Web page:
Strange find. Finally, I thought I’d found a solution that would allow us to get a cat for the garage (and ok, in the basement occasionally to hunt) without Justin dying – Allerpet C.
This product is found all over the Internet by the way, at a range of prices. The first time I found it, I was absolutely giddy and ready to buy, when a voice of reason asked me “what are the ingredients?”
(thanks : j )
Well, there wasn’t an ingredients list, but a U.S. Department of Labor MSDS sheet was available, and it succinctly stated ‘Product contains no hazardous components’.
That actually raised a flag. I decided to look a little further.
The second site I found selling Allerpet actually listed the ingredients, and I googled a long one – methylisothiazolinone – and, surprisingly enough, even Wikipedia had to report this ingredient is actually a neurotoxin, shown to be allergenic and cytotoxic, and linked to nerve cell death and DNA damage in humans.
Wait – I’m supposed to apply this to my cat’s fur every day, indefinitely, and then it’s safe for him to be in my house?
Oh, ok. It does say ‘non-toxic’ on the website, so the answer must be ‘yes’.
Well, no. One of the greatest secrets I’ve learned from working in marketing is that the only label that matters is the boring, non-descript, shrunken and unpronounceable list on the side: the ingredients label. Yes, that’s what the product actually is. Yes, that’s what’s going into your body, pets, and home.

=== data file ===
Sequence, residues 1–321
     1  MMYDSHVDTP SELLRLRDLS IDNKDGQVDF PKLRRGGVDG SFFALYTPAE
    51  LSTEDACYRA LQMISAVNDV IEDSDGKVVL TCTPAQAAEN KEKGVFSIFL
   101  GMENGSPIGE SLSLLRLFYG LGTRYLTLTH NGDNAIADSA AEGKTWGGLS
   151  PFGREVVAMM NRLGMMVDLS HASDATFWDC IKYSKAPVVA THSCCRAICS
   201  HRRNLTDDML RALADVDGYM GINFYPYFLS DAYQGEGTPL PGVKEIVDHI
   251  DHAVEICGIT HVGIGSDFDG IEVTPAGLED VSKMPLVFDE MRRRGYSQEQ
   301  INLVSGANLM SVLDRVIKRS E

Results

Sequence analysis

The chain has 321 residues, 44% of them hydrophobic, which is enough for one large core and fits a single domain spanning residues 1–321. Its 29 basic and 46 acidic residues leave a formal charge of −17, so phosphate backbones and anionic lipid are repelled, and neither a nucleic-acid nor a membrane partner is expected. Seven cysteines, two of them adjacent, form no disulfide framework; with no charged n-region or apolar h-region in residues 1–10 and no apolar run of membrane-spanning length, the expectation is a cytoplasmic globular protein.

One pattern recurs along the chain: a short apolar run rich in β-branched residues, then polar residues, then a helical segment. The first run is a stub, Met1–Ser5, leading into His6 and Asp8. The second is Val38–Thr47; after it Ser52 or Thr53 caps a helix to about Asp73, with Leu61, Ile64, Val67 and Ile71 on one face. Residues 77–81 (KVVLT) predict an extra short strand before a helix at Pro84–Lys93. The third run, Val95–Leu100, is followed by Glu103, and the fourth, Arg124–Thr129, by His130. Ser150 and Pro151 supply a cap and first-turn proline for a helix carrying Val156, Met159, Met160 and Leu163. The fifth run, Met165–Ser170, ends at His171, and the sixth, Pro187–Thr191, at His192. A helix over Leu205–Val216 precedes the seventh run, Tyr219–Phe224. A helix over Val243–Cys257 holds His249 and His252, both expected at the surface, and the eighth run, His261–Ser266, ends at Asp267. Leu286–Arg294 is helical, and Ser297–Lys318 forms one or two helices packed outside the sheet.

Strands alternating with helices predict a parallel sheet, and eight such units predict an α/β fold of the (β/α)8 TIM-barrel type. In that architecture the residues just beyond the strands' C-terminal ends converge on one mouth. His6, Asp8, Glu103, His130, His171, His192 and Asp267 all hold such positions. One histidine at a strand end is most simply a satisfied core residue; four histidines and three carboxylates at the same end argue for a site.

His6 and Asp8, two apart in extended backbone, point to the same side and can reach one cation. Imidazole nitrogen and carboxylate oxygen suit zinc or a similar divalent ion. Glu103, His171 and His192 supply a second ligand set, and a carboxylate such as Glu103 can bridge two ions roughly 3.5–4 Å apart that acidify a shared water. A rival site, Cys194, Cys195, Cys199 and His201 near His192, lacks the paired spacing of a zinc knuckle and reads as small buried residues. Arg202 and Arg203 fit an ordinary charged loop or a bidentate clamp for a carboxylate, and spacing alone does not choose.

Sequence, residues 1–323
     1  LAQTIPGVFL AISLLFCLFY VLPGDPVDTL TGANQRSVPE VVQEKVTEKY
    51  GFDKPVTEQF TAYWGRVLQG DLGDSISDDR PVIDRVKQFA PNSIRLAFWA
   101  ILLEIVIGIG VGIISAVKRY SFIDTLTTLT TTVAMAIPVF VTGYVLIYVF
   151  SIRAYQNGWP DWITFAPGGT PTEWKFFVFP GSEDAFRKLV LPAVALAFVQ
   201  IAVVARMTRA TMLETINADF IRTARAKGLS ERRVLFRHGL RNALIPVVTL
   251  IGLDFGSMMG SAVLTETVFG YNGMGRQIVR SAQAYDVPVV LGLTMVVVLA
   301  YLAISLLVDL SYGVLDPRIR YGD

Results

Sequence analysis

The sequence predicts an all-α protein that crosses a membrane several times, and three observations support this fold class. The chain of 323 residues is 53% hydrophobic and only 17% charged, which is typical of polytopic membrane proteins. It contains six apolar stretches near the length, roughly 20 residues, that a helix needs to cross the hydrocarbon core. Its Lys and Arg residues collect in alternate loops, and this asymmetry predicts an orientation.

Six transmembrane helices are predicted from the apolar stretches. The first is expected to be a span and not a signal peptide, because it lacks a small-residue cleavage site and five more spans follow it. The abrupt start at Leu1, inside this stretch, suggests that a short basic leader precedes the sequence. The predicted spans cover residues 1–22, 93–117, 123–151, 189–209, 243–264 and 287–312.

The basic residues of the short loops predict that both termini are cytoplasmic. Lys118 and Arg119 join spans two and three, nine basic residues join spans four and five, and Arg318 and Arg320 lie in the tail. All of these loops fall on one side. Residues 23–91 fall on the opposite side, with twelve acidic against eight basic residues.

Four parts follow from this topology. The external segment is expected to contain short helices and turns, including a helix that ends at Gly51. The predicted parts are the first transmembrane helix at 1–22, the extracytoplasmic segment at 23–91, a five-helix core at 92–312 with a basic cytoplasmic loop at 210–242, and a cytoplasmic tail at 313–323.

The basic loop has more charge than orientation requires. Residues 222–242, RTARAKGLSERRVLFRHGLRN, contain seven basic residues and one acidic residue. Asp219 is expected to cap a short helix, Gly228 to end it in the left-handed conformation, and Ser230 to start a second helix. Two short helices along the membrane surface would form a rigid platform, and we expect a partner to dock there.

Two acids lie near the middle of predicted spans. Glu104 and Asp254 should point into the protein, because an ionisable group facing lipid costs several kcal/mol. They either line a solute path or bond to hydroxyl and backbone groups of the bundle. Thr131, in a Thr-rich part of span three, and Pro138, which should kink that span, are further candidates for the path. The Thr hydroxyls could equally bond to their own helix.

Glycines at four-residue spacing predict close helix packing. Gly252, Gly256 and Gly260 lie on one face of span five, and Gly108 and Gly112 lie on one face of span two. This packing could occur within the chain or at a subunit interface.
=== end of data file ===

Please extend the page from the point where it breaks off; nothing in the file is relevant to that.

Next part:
Not the pretty face on the front of the package. Not the swirly graphics or the shiny letters. Not even necessarily ‘all-natural’ or ‘non-toxic’, even especially if a bureaucratic agency is involved. It’s methylisothiazolinone. Did you know that methylisothiazolinone is found in many shampoos and bath products? Maybe you’ll want to check yours out for yourself. And hey, if it’s not meth, it’s one of a thousand other toxic chemicals found in every-day products.
Eek. So I found an alternative – I think – at PetSmart – Dander Free for cats. The ingredients were vaguely described on the bottle, including that ominous phrase ‘Contains no known hazardous ingredients.’
See, it’s the word ‘known’ that caused me to email them for a specific ingredient list. I’m not content to blindly trust corporations to make health decisions for me, which is also (partly) why I’m kicking and screaming against the socialist takeover of this country.
Buyer beware! At least do it for the kittens.
Update: Len from Earth’s Balance kindly explained to me that Dander Free for Cats is a completely natural product, free from chemicals and preservatives. If the product works I will post a review. Thanks for the comments!